CPI falls further to lowest level in over 3 years

The Consumer Prices Index (CPI) rate of inflation has declined to 1.3 per cent over December, below the Bank of England’s 2 per cent target and hitting its lowest level since November 2016.

This is the fifth month in a row that the inflation rate has been below the target.

Figures published by the Office for National Statistics (ONS) revealed that CPI fell from 1.5 per cent to 1.3 per cent..

Furthermore, the CPI including owner occupiers’ housing cost (CPIH) also decreased, from 1.5 per cent at the end of November to 1.4 per cent.

Commenting on the decline, Aegon pensions director, Steven Cameron, said: “As expected CPI inflation came in below the Bank of England’s 2 per cent target at 1.3 per cent for the 12 months to December, down from 1.5 per cent in November.

“Below target inflation, for a fifth month in a row, may provide consumers some relief from the cost of living but on the flip side there will be no cheer among savers.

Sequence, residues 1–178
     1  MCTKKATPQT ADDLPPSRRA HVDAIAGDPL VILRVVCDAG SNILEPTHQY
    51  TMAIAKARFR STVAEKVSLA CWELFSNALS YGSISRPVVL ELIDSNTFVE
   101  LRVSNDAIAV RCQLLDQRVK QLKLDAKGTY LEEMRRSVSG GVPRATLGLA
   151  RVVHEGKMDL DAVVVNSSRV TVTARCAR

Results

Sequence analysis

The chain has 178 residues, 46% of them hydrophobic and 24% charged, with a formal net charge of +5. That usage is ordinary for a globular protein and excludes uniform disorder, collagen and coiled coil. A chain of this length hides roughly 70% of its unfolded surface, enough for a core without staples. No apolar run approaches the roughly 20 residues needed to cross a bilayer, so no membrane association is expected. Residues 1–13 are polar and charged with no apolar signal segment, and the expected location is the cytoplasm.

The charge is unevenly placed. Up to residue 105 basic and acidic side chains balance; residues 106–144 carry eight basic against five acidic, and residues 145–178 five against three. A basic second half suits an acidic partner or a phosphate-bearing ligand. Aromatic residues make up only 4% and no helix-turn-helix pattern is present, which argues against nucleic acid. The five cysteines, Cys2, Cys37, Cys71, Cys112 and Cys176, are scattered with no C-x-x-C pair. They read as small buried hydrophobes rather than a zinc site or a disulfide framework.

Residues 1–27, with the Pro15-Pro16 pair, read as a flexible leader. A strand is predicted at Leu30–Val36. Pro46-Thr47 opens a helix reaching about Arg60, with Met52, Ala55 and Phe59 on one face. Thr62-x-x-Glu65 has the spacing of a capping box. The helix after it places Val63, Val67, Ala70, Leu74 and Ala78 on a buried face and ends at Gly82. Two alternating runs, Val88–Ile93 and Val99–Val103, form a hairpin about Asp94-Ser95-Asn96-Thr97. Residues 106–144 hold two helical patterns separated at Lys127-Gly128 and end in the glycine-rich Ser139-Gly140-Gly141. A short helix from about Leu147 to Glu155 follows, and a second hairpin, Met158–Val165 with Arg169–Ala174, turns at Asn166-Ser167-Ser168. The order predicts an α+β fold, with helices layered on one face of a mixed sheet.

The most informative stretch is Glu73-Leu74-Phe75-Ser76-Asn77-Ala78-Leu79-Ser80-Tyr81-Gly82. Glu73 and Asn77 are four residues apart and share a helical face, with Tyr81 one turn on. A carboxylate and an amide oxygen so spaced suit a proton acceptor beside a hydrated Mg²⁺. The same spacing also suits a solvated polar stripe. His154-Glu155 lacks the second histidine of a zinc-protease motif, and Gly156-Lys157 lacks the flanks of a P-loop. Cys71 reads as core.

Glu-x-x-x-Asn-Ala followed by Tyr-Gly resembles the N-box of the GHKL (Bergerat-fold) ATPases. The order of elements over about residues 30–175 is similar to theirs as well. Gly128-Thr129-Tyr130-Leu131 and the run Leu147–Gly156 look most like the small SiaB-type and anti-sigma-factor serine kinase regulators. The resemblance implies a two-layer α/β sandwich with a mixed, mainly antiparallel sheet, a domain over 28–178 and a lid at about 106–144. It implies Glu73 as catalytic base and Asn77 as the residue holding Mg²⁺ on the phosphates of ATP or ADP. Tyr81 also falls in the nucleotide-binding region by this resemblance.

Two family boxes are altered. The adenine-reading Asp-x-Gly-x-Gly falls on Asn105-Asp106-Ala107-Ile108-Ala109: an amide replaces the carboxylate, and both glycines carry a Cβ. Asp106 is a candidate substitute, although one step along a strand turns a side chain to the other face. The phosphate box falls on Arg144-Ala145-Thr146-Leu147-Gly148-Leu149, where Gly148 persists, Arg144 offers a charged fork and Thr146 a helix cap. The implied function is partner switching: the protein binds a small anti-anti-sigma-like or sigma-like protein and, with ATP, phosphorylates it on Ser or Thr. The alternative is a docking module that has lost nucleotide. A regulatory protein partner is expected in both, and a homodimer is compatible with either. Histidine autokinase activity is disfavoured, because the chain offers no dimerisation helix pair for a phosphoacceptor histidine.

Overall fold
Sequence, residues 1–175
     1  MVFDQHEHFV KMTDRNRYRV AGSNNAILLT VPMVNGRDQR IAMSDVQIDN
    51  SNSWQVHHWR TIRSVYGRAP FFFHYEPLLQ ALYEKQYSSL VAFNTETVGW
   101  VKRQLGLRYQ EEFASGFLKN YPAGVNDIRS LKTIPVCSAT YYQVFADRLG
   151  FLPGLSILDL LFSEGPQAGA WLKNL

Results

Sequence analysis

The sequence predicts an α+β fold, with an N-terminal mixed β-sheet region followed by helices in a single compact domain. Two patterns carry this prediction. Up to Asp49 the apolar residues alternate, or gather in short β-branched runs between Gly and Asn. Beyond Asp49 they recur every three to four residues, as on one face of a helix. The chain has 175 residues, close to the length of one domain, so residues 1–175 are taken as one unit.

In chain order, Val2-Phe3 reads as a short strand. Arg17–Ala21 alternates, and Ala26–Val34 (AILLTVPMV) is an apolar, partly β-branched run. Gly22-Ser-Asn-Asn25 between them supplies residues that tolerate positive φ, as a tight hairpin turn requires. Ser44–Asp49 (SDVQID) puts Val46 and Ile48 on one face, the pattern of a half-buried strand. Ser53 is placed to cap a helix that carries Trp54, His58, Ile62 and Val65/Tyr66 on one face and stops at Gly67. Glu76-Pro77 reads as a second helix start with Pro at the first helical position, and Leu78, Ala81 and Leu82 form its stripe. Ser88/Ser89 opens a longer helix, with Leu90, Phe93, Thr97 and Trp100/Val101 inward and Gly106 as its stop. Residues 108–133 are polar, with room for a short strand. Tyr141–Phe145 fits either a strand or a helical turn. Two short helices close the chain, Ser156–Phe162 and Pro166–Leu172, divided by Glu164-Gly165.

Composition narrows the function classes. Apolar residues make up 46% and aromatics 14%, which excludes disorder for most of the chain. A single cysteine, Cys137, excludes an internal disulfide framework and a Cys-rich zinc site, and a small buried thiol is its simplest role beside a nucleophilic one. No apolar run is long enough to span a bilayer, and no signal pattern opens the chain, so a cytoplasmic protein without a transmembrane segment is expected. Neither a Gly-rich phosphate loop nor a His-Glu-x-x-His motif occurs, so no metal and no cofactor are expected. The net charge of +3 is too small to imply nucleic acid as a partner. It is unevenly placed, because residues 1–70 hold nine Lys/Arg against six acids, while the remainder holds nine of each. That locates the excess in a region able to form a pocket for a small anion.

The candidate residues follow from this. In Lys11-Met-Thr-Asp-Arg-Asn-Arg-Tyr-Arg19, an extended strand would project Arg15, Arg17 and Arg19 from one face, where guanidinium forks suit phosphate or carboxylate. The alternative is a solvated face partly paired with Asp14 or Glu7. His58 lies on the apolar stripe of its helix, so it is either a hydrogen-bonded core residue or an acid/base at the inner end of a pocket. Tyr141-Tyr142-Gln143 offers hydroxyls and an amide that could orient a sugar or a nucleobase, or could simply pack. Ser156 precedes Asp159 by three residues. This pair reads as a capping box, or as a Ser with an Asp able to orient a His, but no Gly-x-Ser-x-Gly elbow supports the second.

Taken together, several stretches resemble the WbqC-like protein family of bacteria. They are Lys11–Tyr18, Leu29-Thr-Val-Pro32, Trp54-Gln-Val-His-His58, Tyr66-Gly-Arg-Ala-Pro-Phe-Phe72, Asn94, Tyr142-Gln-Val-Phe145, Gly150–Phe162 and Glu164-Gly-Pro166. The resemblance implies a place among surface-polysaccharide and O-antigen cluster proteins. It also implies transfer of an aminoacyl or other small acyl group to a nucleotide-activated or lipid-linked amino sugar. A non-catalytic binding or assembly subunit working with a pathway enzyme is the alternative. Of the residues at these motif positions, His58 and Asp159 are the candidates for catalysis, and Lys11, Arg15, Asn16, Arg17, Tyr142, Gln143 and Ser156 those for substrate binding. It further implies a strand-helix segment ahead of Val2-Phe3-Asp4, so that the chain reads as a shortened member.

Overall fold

“Last year was dominated by Brexit uncertainty so the big question is how inflation, as well as interest rates will move once the UK actually leaves the EU.

“Low inflation is good news for those on a fixed income, including pensioners, who are on course to see a further boost thanks to the triple lock, with a rise of 3.9 per cent in their state pension from April 2020.”

The ONS noted that the largest contribution to the CPIH rate came from housing, water, electricity, gas and other fuels.

However, this was outweighed by the largest downward contributions, which came from accommodation services and clothing.

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